Matt Hancock announced that there are more coronavirus tests in Scotland per head of population in comparison to the rest of the UK.

Responding to the SNP’s health spokesperson Dr Philippa Whitford, Mr Hancock said: There are more tests in Scotland through the drive through centres, through the local testing sites, through the mobile testing centres than there are in the rest of the UK per head of population.

“So we over-indexed the number of tests through those routes that we put into Scotland.

“And, indeed, in the Scottish NHS there is spare capacity which needs to be used, and I’m working very closely with the Scottish Government to ensure the spare capacity there in the Scottish NHS is used given the enormous demand for tests right across this country.”


Tory chairman of the Health Select Committee Jeremy Hunt said 111 callers must have the training to be able to spot the signs of sepsis quickly.

He said: “I welcome these changes but can I ask him specifically about sepsis because our A&Es have made huge progress in testing people who needed to be tested quickly for sepsis when they arrive at A&Es.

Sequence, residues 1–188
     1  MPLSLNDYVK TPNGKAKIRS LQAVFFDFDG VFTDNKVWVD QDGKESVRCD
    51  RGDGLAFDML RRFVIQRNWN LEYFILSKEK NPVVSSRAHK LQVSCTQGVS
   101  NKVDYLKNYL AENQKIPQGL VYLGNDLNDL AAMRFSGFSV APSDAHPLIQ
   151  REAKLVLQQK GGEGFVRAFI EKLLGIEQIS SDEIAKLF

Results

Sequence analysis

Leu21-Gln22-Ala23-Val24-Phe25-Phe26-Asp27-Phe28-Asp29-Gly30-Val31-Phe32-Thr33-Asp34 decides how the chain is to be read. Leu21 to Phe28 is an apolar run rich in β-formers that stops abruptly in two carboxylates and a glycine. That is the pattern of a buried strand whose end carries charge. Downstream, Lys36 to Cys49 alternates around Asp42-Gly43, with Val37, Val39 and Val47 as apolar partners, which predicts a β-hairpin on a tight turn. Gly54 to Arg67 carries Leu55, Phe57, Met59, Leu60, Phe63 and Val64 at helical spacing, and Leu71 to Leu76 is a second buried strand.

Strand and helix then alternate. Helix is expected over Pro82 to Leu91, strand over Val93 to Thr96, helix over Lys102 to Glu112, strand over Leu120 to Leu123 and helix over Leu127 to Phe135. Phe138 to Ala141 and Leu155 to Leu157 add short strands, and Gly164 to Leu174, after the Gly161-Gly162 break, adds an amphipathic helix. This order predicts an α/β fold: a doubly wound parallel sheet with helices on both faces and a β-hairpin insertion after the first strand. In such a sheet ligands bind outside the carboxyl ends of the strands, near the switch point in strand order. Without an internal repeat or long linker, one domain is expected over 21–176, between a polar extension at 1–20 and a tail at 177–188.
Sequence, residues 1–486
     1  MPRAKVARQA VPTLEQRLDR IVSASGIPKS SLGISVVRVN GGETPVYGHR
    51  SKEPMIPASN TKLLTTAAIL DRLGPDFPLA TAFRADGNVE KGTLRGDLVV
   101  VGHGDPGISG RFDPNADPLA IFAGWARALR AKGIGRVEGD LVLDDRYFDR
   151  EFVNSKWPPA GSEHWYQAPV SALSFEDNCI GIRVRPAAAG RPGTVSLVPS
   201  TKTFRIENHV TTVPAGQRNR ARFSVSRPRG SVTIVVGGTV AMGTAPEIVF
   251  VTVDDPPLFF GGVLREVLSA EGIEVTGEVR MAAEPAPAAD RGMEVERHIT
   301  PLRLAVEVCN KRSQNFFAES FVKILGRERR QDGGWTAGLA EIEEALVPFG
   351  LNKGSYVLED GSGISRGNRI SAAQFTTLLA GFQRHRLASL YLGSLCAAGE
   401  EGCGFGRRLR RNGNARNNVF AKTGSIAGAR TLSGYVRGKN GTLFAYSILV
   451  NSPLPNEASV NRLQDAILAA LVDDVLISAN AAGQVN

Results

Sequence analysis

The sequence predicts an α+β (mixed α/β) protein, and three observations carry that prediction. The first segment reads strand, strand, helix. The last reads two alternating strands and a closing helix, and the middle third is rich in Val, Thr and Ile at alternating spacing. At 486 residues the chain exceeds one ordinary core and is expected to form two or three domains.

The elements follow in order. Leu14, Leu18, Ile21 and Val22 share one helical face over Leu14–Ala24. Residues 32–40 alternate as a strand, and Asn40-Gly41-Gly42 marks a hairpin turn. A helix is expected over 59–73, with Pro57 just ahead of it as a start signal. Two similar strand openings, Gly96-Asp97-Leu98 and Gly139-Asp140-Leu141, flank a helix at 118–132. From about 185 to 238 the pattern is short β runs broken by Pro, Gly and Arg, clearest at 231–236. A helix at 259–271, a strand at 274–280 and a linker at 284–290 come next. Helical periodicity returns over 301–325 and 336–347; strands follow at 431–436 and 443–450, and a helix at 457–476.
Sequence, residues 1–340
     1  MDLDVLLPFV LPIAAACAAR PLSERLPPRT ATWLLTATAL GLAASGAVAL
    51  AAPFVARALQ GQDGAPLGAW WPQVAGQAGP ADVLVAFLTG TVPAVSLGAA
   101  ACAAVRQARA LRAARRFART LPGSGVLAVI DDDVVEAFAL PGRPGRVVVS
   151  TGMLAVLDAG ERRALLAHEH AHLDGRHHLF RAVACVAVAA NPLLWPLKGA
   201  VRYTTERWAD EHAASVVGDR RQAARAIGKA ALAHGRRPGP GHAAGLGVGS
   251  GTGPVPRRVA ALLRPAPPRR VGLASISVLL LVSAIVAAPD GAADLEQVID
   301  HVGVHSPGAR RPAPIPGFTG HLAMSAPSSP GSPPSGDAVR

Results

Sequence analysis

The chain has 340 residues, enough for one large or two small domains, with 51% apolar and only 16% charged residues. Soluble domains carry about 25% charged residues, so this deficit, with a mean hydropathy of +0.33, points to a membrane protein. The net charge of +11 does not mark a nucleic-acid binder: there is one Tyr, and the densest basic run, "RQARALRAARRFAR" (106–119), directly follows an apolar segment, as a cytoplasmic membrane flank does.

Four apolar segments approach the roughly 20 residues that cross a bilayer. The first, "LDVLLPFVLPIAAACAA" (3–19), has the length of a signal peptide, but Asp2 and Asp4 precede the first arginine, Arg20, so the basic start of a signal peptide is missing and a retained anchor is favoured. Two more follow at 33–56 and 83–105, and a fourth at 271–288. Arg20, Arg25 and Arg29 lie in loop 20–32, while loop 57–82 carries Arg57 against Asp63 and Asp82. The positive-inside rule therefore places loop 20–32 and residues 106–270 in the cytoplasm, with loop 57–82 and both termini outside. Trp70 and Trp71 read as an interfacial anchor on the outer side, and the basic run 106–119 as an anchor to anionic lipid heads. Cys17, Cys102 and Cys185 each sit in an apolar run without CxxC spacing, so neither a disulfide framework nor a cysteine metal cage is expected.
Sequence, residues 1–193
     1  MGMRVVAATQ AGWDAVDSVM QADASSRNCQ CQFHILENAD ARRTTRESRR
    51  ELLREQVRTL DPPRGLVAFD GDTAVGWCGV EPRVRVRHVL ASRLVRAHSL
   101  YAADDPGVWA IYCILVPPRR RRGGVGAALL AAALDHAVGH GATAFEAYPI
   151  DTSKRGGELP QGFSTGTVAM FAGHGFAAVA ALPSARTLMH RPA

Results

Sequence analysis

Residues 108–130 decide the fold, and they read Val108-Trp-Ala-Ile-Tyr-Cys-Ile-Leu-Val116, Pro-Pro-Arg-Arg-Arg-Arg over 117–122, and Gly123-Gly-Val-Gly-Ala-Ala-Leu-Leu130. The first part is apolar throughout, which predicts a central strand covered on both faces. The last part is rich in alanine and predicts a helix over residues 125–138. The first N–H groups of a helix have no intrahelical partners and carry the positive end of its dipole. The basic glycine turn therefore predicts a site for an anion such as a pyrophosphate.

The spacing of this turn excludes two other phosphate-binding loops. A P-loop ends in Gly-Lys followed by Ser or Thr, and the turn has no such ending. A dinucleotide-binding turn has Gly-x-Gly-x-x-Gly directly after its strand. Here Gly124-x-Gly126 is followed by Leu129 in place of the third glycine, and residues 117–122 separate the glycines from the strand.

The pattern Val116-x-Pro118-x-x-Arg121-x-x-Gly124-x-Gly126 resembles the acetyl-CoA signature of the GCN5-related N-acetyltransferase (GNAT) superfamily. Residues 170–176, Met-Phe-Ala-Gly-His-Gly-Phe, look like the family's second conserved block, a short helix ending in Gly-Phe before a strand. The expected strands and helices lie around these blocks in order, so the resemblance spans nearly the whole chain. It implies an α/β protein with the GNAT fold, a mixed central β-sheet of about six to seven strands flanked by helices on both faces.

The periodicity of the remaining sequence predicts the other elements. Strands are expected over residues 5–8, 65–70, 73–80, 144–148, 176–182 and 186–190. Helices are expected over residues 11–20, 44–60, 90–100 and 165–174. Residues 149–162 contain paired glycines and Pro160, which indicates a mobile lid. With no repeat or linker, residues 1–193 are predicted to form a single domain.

“If this is now going to be done on the phone, if that is the first point of contact, it is absolutely vital that 111 call handlers are properly trained and their algorithms adjusted to make sure we ask the right questions on sepsis. So could he undertake to do that?”

Matt Hancock replied: “I entirely agree with him on his comments about 111 first – it is absolutely critical that both the online and the phone systems act to ensure that sepsis is recognised wherever that is feasibly possible to make sure that people get the best and the safest route to care.”


The Health Secretary said it was right to prioritise care home residents.

Matt Hancock added: “We choose to prioritise care home staff and care home residents.

“Over 100,000-a-day of the 260,000 capacity are sent to cares homes.

“We could solve other problems by not doing that but we prioritise those who live in care homes because that’s the right thing to do.”


Jon Ashworth said the Government “has failed” to deliver effective testing and tracing.

He added: “When testing breaks down case-finding breaks down, isolation breaks down and we lose control of this virus.

“The British people made great sacrifices, they missed family celebrations, they couldn’t say their final goodbyes to loved ones at funerals but the British people honoured their side of the bargain.

“In return, the Government was supposed to deliver effective testing and tracing. The Government failed and we have vast swathes of the country under restrictions.

“Where do we go next? The Prime Minister yesterday said a second lockdown would be disastrous.

“Obviously we all want to avoid a second lockdown but the British public deserve some clarity. Is he completely ruling out a second short national lockdown in all circumstances?”


A member of the public waits at a quiet coronavirus testing centre in Southend, Essex: